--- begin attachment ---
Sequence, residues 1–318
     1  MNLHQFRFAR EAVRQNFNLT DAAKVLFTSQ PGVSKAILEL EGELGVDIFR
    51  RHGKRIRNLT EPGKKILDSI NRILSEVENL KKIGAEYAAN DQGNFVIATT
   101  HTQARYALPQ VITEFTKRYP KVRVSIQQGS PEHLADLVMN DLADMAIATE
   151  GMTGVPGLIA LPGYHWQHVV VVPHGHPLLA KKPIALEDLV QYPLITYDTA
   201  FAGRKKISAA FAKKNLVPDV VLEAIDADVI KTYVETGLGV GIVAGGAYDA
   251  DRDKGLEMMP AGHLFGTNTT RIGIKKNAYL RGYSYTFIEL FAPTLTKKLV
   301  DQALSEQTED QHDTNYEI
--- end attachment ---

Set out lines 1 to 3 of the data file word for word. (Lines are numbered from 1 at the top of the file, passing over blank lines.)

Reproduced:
Sequence, residues 1–318
     1  MNLHQFRFAR EAVRQNFNLT DAAKVLFTSQ PGVSKAILEL EGELGVDIFR
    51  RHGKRIRNLT EPGKKILDSI NRILSEVENL KKIGAEYAAN DQGNFVIATT